20th Century Women (2016) by Mike Mills
Review by Lydia Creech
As a 21st century woman (I think I count, even if I was born in the ‘90s), who feels a bit Midnight in Paris-y towards the 70’s (cinema, at least), the first thing I was struck by in 20th Century Women was the detail. The way people dressed and kitchens looked and the music cues all stood out very sharply against a story that felt dreamy and nebulous. Mills has highlighted the universality of growing up and change (from generations to decades to presidents to seasons) by focusing in on the specificity of detail--the Birkenstocks and how one holds a cigarette and dying your hair red because Bowie did. The moment feels endless but also bound forever to this time and place.
20th Century Women is a bit of an idyll. Set in the summer of ‘79 but stretching out in either direction in time with the help of still photography and voice over, it has the quality of memory--the important bits stand out, but the edges are fuzzy. The aforementioned music cues--for example Talking Heads or The Raincoats or Benny Goodman--all feel specific and grounding, but when Roger Neil’s score comes in it's all floaty and ethereal, reminding us that this time has passed. The particulars of the story don’t seem to matter much; rather, the people and moments that leave a searing impact on your life are remembered and attempted to put into context after the fact.
The story, such as it were, of 20th Century Women is that of Dorothea (Annette Benning), a single mom who enlists the help of her boarder, Abbie (Greta Gerwig), and her son’s best friend Julia (Elle Fanning) to help raise her teenaged son the best way they can. That’s a basic plot summary, but really the story comes secondary to the loving portraits director Mike Mills paints of all these characters. On the podcast, Andrew talked about Mills self-portrait of himself as the teenaged son in the story and his path to “male allyship.” It’s a lovely journey and picture of growth, and I think the strongest testament and culmination (so far) to Mills’s path is the fact that he made this movie with portraits of the titular women just as complex and affecting as his own.
The three women at the heart of 20th Century Women relatable and flawed and funny and beautiful, and, frankly, aspirational. Julia plays the “love interest,” I guess, except she refuses that sort of relationship and pigeonholing. She has her own problems to figure out, and she doesn’t want to complicate her best friendship (except maybe she sends confusing signals, but, being a teenager is HARD, and when he comes right up to “you sleep with everyone but me,” the movie is NOT on his side). Abbie takes on the “cool older sister” role, but she’s also dealing with some extremely serious reproductive health problems. Dorothea lived through The Great Depression and can come off a bit aloof, but she’s deeply saddened by necessarily growing apart from her son and only child. Bening absolutely breathes life into the role, and she was robbed an Oscar nom (but I do want Huppert to take it for Elle) They’re all in different places, approach life differently, and occasionally clash, but that’s not to say they cancel each other’s influence out. Each woman has her own story, and each is treated as important, in its own right and as a part of everyone else’s story, too.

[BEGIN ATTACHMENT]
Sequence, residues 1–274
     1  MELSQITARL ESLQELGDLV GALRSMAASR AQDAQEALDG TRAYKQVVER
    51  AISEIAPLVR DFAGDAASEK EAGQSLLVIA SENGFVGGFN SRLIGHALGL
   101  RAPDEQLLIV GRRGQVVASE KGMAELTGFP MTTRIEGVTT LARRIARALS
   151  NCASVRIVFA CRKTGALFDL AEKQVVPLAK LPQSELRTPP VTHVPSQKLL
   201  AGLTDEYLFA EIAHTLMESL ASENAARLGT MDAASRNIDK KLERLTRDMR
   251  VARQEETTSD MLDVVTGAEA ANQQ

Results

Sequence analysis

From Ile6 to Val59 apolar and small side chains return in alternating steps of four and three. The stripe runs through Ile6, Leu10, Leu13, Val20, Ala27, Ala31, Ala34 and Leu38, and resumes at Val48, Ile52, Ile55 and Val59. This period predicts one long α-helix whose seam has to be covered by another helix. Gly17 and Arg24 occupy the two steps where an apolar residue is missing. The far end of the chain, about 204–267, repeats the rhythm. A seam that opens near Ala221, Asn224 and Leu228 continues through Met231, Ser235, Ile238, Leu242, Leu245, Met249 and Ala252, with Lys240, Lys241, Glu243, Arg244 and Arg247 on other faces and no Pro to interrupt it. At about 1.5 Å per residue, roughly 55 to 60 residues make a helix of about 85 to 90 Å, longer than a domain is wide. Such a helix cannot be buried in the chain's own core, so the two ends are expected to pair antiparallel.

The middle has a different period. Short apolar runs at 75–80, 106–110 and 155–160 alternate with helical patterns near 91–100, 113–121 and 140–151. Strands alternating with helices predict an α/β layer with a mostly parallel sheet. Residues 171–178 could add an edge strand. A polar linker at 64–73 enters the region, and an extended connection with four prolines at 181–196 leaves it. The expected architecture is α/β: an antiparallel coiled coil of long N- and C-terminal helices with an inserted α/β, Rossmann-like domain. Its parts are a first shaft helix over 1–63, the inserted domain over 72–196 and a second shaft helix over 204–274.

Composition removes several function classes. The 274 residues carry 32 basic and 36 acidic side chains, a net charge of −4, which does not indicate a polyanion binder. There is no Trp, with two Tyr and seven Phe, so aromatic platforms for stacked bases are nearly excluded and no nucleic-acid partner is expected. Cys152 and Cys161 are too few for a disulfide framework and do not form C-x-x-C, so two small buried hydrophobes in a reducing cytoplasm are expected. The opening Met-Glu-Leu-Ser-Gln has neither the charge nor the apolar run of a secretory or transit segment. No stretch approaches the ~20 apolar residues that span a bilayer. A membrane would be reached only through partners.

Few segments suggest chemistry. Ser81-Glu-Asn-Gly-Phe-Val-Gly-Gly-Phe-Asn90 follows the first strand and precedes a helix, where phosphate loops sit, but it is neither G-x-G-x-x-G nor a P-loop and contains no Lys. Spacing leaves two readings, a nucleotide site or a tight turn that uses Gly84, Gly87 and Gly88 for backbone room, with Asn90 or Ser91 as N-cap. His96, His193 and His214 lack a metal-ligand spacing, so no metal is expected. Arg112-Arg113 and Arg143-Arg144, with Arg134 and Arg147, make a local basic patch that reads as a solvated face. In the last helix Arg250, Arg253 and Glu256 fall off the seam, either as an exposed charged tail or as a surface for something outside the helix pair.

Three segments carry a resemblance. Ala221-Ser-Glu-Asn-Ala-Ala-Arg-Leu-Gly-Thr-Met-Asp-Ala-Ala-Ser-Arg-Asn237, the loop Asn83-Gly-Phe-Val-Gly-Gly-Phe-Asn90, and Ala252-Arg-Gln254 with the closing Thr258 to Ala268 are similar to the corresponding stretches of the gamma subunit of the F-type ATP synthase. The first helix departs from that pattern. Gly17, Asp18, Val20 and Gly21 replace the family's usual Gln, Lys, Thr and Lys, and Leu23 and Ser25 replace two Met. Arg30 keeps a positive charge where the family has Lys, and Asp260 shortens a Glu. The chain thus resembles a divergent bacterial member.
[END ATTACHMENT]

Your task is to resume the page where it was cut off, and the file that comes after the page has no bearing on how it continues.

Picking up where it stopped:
Just telling you some details of each woman’s life doesn’t get to how affecting it was to see them treated so carefully and completely onscreen, and I’m grateful to Mills for taking the time. I had such a strong strong reaction to just seeing ordinary women’s lives given a cinematic treatment. I saw bits of myself in Julia and Abbie, and I hope I can be as independent and self-assured (even when she’s not!) as Dorothea one day. It’s partly a failure on my part to seek these stories out (they do exist), but also a failure on the part of the industry to make and promote woman-centered films. As we frequently discuss on the podcast, your dollar at the boxoffice is your vote for the types of movies you want to see more of, and I hope you will take the time and go see this, too!